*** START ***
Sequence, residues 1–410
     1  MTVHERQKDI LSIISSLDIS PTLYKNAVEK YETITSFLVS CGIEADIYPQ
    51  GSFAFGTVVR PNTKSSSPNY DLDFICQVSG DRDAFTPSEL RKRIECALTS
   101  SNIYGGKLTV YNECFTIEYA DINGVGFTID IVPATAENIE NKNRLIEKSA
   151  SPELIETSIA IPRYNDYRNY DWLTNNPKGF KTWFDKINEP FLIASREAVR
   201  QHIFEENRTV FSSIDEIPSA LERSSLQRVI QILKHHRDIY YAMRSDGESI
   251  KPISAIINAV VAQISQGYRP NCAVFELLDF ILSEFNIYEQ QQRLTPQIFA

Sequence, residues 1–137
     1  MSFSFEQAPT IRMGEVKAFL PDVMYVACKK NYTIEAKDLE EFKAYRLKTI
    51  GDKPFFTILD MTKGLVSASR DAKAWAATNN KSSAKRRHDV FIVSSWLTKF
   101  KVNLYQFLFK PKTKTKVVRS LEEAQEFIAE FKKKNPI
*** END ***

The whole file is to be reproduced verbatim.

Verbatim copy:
Sequence, residues 1–410
     1  MTVHERQKDI LSIISSLDIS PTLYKNAVEK YETITSFLVS CGIEADIYPQ
    51  GSFAFGTVVR PNTKSSSPNY DLDFICQVSG DRDAFTPSEL RKRIECALTS
   101  SNIYGGKLTV YNECFTIEYA DINGVGFTID IVPATAENIE NKNRLIEKSA
   151  SPELIETSIA IPRYNDYRNY DWLTNNPKGF KTWFDKINEP FLIASREAVR
   201  QHIFEENRTV FSSIDEIPSA LERSSLQRVI QILKHHRDIY YAMRSDGESI
   251  KPISAIINAV VAQISQGYRP NCAVFELLDF ILSEFNIYEQ QQRLTPQIFA

Sequence, residues 1–137
     1  MSFSFEQAPT IRMGEVKAFL PDVMYVACKK NYTIEAKDLE EFKAYRLKTI
    51  GDKPFFTILD MTKGLVSASR DAKAWAATNN KSSAKRRHDV FIVSSWLTKF
   101  KVNLYQFLFK PKTKTKVVRS LEEAQEFIAE FKKKNPI